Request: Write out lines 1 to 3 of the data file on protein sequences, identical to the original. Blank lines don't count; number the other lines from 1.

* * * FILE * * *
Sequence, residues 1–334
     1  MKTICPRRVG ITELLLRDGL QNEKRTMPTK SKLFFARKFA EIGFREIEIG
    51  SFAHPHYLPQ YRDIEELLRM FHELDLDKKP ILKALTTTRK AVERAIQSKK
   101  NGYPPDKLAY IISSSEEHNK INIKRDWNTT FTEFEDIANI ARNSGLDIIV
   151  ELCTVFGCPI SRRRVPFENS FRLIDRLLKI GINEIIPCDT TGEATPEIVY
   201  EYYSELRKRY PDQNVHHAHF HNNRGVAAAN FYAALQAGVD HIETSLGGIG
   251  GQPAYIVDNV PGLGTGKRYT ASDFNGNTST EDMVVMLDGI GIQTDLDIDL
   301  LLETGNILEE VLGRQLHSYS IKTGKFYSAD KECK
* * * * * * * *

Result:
Sequence, residues 1–334
     1  MKTICPRRVG ITELLLRDGL QNEKRTMPTK SKLFFARKFA EIGFREIEIG
    51  SFAHPHYLPQ YRDIEELLRM FHELDLDKKP ILKALTTTRK AVERAIQSKK